Please note: as I mentioned in my previous post, the recipe I based this off of was from a UK website (you can see the original here), thus all the measurements are in grams and liters. Most baking scales default to grams anyway. Also, as you’ll see, it¬†calls for¬†caster¬†sugar. I actually purchased a small bag while still in the UK, because I’ve yet to find it in the states, but I’m sure it can be ordered online – or just give it a try with regular sugar – baking is all about experimenting! And finally, regarding the instant dry yeast – I used one 7g packet of Dr. Oetker’s¬†Yeast Levure. It’s sold in many higher-end American supermarkets in packs¬†of three.

Chocolate Bread.

What you’ll need:

500g all-purpose flour

10g salt

50g caster sugar

90g cocoa powder

1 packet (7g) instant dry yeast

50g butter (room temperature)

50g sweetened dark chocolate (melted)

100 ml half and half

200 ml water

What you’ll do:

In a large mixing bowl, whisk together the flour, salt, caster sugar, cocoa powder and instant dry yeast. Add the butter, melted chocolate, half and half, and water. Mix for 2 minutes on low speed with the dough hook attachment. Scrape the bottom of the bowl, and mix on medium speed for 5 minutes Рthe dough should pull away from the sides and form a ball.  On a floured surface, knead the dough for about 5 minutes. Shape into a ball, and return to the bowl. Cover the bowl with plastic wrap, and let the dough ferment for 1 hour.  Remove the dough from the bowl, knead for 2-3 minutes, reshape it into a ball, and place it on a sheet pan lined with parchment paper. Cover the dough ball with plastic wrap, and let it proof for 1 hour. Preheat the over to 200 C (about 400 F). Uncover the dough, slice a cross in the top, and bake for 25 to 30 minutes. Let cool on a wire rack. Enjoy! (And make sure to try it with some peanut butter).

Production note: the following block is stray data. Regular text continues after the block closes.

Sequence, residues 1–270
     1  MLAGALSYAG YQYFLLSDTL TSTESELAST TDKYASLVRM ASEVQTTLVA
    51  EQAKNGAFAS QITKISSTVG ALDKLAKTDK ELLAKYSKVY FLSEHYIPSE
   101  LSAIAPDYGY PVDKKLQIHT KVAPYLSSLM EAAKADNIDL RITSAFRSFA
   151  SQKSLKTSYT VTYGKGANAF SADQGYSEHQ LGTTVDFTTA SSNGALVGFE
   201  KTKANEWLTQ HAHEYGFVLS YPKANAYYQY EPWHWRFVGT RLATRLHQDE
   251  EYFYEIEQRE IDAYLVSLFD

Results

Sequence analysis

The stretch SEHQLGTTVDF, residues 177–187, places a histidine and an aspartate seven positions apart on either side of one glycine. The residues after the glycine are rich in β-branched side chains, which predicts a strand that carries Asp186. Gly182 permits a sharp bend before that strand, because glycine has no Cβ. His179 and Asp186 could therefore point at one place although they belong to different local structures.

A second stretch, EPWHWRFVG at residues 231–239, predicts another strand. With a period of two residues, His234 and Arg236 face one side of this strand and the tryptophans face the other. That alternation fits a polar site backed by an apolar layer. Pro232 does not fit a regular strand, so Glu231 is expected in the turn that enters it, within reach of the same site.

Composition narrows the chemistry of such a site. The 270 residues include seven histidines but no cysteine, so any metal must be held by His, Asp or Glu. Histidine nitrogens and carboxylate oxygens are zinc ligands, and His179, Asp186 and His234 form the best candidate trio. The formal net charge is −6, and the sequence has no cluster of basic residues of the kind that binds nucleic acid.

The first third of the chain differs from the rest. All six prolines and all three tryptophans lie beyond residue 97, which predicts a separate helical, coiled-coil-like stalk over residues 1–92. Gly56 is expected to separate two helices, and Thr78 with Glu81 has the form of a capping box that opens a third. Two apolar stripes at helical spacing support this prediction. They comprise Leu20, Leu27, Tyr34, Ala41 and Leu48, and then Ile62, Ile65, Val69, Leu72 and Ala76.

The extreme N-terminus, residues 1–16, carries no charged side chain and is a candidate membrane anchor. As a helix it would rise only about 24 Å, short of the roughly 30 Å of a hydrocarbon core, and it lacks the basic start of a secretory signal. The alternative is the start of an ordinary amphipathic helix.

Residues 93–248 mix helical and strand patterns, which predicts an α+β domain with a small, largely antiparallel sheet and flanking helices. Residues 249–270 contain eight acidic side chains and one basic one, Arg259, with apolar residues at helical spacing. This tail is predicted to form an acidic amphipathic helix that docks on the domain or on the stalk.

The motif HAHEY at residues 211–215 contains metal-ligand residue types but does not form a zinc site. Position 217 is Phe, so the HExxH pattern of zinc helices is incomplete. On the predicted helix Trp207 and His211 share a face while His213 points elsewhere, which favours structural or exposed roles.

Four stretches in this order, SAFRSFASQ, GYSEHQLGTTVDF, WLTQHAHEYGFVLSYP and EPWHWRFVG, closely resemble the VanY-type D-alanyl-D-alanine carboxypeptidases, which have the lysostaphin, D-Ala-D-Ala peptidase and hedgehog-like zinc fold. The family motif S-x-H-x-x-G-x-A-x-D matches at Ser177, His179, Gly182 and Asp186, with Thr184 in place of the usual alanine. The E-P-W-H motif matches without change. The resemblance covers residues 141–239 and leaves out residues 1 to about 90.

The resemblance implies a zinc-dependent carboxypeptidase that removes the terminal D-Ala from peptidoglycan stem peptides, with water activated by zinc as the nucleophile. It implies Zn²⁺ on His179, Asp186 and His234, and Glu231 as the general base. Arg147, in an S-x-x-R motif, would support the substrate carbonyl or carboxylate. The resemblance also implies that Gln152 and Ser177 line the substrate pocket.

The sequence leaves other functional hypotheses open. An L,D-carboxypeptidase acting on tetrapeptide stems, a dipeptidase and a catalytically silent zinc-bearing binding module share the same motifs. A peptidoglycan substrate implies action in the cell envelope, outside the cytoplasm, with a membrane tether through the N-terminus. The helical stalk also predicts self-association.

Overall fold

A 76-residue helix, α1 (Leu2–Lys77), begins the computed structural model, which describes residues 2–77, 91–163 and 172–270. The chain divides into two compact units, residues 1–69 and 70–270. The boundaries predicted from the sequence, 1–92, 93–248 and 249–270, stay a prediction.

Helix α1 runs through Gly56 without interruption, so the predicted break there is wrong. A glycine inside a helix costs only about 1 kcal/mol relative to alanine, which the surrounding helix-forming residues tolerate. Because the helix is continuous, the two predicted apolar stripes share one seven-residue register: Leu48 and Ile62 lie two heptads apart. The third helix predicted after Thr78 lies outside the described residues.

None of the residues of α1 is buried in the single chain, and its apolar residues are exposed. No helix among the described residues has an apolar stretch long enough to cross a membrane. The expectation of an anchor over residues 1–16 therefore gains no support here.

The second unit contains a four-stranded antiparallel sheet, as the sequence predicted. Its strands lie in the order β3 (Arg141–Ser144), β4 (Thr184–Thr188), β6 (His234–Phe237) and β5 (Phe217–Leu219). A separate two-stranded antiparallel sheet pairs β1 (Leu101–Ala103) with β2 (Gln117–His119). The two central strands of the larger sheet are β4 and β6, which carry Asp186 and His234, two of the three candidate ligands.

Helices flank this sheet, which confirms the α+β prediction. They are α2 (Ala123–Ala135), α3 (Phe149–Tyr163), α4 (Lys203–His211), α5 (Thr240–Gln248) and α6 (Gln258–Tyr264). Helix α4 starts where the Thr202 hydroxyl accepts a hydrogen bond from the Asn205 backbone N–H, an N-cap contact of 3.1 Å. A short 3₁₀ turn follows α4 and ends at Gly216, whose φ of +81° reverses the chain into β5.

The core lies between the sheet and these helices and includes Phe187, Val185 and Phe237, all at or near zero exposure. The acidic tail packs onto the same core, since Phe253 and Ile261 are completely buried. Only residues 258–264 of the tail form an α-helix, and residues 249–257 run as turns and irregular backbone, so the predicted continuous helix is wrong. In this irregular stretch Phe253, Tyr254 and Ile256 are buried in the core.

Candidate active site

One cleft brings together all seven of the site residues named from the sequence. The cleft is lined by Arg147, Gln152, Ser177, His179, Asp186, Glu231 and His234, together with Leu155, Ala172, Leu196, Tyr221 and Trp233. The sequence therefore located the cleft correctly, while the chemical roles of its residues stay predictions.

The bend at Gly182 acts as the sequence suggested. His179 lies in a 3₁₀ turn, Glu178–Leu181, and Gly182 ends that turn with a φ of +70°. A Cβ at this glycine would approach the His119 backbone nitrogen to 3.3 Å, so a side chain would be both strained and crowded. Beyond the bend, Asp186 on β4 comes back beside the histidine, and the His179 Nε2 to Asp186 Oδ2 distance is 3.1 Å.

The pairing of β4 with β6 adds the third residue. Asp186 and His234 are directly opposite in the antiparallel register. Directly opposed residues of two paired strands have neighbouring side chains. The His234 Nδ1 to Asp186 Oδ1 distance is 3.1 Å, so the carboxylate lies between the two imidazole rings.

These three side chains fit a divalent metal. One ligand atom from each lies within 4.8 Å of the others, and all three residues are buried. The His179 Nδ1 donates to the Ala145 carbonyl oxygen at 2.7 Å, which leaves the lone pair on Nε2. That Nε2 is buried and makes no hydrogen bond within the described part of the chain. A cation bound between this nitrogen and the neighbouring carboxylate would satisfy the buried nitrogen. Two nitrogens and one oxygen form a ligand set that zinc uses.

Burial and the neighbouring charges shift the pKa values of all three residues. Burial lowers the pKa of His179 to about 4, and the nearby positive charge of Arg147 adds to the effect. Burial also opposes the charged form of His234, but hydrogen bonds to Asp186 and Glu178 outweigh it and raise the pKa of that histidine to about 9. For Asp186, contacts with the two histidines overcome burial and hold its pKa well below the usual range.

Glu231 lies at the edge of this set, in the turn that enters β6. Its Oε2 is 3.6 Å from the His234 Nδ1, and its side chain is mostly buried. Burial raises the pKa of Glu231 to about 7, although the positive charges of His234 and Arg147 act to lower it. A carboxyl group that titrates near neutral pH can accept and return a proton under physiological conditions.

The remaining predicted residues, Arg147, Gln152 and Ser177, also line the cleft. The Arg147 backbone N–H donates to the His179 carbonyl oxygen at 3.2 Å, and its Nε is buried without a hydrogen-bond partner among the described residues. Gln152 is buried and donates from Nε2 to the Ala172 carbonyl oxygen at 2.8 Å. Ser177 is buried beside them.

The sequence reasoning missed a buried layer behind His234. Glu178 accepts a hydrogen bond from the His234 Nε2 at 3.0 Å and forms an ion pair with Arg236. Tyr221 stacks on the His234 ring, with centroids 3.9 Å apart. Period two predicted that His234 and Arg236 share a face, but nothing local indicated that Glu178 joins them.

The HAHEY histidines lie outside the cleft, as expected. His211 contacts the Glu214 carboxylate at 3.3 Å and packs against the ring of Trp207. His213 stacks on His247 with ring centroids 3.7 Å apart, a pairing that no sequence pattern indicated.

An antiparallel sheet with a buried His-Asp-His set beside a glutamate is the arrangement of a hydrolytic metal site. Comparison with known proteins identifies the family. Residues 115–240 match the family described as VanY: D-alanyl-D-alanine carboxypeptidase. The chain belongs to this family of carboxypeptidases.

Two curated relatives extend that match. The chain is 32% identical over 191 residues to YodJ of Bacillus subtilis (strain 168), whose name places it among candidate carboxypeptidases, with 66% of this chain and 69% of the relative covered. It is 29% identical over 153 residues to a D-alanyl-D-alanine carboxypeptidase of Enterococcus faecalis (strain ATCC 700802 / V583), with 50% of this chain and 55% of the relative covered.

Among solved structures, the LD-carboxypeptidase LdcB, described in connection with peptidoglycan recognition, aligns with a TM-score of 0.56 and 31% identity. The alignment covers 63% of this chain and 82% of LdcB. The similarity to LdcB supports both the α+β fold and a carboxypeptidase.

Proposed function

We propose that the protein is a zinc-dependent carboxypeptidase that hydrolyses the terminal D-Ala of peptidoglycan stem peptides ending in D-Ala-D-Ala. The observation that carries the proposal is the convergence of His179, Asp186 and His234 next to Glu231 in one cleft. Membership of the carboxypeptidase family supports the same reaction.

A Loathful Loaf.

So last week while I was in England visiting my brother, we had this discussion in the middle of the night about chocolate bread and how we want to make and eat it. So I did a google search, and because we were in the UK, the first few results were UK recipes. This tickled my baking fancy, so I saved one of the recipes, and decided to try my hand at it when I got home. And yesterday, that’s exactly what I did.

I did not succeed. It looked decent – and the dough tasted pretty good (I always taste my dough, just to be safe). But the finished product just did not pass muster.

looks can be deceiving.

Now, I don’t think it was entirely the recipe’s fault. I believe there were three factors at play here, leading up to the perfect storm of bread failure:

1. The recipe did not clearly specify the type of chocolate. I used unsweetened dark baking chocolate. Bad choice. It overpowered the entire loaf and gave it a distinctly bitter taste.

2. I used dry yeast instead of fresh yeast. Now, in itself, this is fine, however, I definitely used too much – you could actually taste the yeast (once you got past the bitter chocolate).

3. British food is different from American food. Not bad different РI thoroughly enjoyed all the meals I had in the UK, and I think I would have thoroughly enjoyed the bread as well, different as it were, had it not been for the first two factors.

Because I just could not believe that this loaf was as bad as it seemed, I lugged it in to work and forced my friend to sample it. First, as is. Then heated up. Then with butter. Then I tried to make random folks nearby eat it. But alas, it could not be saved. This bread was toast.

The good  news is, like I mentioned, I know what the issues are, and I fully intend to jump back into the kitchen, make some recipe modifications, and try, try again. There will be chocolate bread, I decree, and it will be fantastic.